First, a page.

Tuesday, August 27, 2013

How eating raspberries could increase your chances of becoming a father (?)

This is mostly just theory.  The findings probably reflect social class, with middle class men (who are healthier anyway) being more dutiful about their fruit & veg. intake and more likely to take up food fads  -- such as berry eating

Eating raspberries could help increase the chances of becoming a father, it has been claimed.  They contain high levels of Vitamin C, a key nutrient in male fertility, and magnesium, which is involved in the production of testosterone.  They are also thought to protect sperm from ‘oxidative stress’.

A study by the US Department of Energy’s Lawrence Berkeley National Laboratory found that men over 44 with the highest intake of Vitamin C had 20 per cent less damage to their sperm DNA than men who did not eat those foods.

It is also thought that after conception antioxidants may decrease the risk of miscarriage.

Juliet Wilson, a fertility nutritionist, said: ‘Raspberries provide essential nutrients that are known to enhance fertility in men and women.’

A recent study in the USA found that men over 44 with the highest intake of Vitamin C - found in foods such as raspberries, broccoli and potatoes - had 20 per cent less damage to their sperm DNA than men who did not eat those foods.

Juliet Wilson, a leading fertility nutritionist said that one portion of raspberries provided the same amount of Vitamin C as eating 173 grapes.

She said: 'Raspberries have not yet been given the 'super-food' recognition of other berries, but they have a comparable bounty of nutrients which shouldn't be ignored.

'Alongside their many health benefits, raspberries are a perfect snack for couples trying to conceive.  'Together with their high vitamin C content - one portion of raspberries provides the same amount as 173 grapes - they are also a good source of folate, which is known to be essential in key stages of female fertility and early embryo development.

With sperm counts in the average British male falling by almost half in the past 60 years, experts have claimed raspberries maybe the saviour to help fathers-to-be.

The popular fruit contain folate, a key nutrient during conception and throughout pregnancy.

Juliet added that it is not just the vitamins and minerals in raspberries which are beneficial in the bedroom.  The berries also help to maintain a healthy body weight, which is the key to balancing sex hormones and increasing the likelihood of conceiving.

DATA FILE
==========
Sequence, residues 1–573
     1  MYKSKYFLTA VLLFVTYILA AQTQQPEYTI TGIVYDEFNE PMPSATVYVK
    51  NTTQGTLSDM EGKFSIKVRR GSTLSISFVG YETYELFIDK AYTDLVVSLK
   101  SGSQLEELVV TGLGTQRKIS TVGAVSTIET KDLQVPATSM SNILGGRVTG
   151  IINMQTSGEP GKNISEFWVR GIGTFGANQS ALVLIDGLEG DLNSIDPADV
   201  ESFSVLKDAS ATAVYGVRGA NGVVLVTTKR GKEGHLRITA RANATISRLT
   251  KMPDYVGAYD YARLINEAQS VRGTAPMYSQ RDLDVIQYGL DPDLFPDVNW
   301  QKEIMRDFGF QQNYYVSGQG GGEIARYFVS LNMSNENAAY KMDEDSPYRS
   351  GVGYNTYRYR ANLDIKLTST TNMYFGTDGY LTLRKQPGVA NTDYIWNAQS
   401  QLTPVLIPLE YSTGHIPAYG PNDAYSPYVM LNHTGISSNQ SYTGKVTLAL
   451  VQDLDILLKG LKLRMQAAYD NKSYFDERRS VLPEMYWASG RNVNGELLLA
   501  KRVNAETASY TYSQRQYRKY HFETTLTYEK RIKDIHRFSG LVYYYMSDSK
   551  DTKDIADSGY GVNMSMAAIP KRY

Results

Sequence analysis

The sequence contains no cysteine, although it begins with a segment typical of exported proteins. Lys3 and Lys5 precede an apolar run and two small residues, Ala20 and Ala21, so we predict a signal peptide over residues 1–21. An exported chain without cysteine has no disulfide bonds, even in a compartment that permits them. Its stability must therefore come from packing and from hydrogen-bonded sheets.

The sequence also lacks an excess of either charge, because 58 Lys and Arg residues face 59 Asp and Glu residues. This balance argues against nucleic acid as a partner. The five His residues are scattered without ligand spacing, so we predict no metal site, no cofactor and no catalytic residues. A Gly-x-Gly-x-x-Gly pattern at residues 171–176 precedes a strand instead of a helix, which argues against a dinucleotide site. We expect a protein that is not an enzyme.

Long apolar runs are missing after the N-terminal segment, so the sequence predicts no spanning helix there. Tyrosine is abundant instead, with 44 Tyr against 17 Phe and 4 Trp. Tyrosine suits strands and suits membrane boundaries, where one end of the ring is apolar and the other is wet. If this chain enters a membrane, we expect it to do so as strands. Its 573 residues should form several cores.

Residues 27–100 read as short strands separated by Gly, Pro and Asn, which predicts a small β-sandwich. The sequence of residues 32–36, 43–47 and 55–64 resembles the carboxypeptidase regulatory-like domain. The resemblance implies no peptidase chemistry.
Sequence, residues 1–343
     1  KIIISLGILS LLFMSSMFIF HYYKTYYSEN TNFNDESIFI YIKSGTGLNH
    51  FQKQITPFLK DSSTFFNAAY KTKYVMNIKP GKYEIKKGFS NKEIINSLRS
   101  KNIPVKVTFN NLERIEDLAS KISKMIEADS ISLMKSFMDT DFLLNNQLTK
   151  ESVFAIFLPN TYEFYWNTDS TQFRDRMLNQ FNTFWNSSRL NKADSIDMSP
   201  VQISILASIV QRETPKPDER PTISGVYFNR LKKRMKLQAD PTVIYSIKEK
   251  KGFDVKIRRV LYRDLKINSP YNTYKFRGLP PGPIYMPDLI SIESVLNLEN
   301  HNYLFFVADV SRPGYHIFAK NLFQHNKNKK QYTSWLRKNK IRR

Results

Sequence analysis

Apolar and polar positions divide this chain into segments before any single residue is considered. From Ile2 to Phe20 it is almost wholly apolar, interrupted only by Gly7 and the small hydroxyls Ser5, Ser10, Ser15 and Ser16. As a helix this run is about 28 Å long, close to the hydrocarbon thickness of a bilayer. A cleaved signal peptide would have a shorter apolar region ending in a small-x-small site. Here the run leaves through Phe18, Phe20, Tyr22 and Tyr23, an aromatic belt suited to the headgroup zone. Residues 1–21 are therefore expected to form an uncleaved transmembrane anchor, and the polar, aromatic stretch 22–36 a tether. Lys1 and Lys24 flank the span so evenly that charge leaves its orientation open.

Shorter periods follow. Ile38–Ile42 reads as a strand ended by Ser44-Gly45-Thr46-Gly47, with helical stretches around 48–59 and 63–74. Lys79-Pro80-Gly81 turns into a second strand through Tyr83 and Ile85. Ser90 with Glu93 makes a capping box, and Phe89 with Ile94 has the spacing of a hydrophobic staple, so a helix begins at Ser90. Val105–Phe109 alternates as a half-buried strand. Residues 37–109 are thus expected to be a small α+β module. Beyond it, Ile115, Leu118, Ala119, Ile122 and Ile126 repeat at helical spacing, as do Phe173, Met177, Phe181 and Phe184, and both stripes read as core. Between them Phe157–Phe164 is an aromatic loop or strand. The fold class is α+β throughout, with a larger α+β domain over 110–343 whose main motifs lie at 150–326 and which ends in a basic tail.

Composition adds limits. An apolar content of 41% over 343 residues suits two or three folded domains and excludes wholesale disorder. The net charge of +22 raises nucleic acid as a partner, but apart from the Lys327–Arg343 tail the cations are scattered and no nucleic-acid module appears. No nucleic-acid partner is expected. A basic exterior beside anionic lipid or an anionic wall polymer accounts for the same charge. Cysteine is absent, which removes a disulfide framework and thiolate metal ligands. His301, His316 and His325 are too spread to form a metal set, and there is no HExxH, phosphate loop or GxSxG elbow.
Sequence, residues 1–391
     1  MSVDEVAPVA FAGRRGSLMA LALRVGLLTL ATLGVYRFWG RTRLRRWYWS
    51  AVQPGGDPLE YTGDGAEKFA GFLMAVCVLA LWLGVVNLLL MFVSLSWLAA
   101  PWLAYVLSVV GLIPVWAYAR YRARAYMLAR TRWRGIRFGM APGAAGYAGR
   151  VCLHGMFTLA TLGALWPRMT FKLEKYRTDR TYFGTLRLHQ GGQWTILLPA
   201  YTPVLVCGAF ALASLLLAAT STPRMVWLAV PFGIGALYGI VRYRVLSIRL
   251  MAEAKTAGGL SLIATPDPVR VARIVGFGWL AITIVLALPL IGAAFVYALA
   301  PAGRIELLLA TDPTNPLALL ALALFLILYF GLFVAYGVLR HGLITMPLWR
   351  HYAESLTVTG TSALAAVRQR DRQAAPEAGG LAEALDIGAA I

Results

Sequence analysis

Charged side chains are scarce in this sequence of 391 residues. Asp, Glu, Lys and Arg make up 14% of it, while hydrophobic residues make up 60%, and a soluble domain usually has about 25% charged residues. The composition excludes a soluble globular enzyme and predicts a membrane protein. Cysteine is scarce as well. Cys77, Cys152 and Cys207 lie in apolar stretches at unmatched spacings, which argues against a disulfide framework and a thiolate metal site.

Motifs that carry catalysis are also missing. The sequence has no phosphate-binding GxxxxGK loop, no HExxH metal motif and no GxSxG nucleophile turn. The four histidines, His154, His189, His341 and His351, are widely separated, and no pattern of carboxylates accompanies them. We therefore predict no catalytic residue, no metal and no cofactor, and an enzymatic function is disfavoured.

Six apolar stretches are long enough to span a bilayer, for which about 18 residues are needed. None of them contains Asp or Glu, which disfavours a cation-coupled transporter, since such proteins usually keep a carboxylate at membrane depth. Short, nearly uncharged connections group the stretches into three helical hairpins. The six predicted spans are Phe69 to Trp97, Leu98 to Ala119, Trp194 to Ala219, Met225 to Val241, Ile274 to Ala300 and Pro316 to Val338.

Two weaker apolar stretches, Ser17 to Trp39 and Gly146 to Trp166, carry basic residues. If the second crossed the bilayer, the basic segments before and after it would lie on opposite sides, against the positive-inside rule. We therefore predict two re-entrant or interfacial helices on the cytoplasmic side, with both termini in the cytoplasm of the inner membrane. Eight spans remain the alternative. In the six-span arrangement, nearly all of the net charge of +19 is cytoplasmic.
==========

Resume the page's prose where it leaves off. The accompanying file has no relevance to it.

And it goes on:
They have the lowest GI of any fruit, meaning their sugar is absorbed into the body slowly.  This, combined with their high fibre content means raspberries are an effective way to control hunger and cravings at only a few calories.

Nick Marston of British Summer Fruits, the body that represents 85 per cent of British berry growers, said: 'Raspberries are often overlooked, but their numerous fertility-boosting properties and antioxidants make them the perfect bedtime snack.

'This year we've had faultless growing conditions with the cool spring and recent warm weather, which have resulted in exceptionally tasty and juicy raspberries - so there's no excuse not to take advantage of this superfood.'


The Correlation Between Intellect and Pulchritude

David Friedman has discovered general biological fitness  -- though he doesn't know it

I have spent much of my life teaching at reasonably good schools. The students who succeed in getting admitted to such schools tend to be well above average, intellectually speaking (in “intellect” I include not only intelligence but also characteristics such as organization and willingness to work that affect academic success).

In my possibly biased observation, the female students at such schools are not only smarter than average, they are better looking as well. That raises an interesting question. Assuming my observation is correct, why would there be a positive correlation between intellect and pulchritude?

One possible answer is that intellect is an input to pulchritude. The abilities that make a woman academically successful might also make her successful in improving her appearance, whether by diet and exercise, choice of clothing, or in a variety of other ways.

Another possibility is that intellect and looks are both affected by some common cause. Poor nutrition, for instance, might affect both. So might genetic factors or environmental ones, pre or post-natal. Something goes right or wrong with the process that builds a human being, and it goes right or wrong with both intellect and whatever determines physical appearance.

Another and perhaps more intriguing possibility is that the correlation is due to selective pressure in past societies. Consider a society where male status is in part dependent on intellectual ability; Imperial China would be one example, since positions in the Imperial civil service were high status and were obtained by success in competitive exams. But the same pattern could be expected in any context where individuals compete for status and success depends in part in intellect.

Further, assume that the society is polygenous—high status males are able to mate with multiple females, whether as wives, concubines, or mistresses. Men prefer attractive women, so men with unusually high intellect will be mating with women with unusually good looks, producing children with both.


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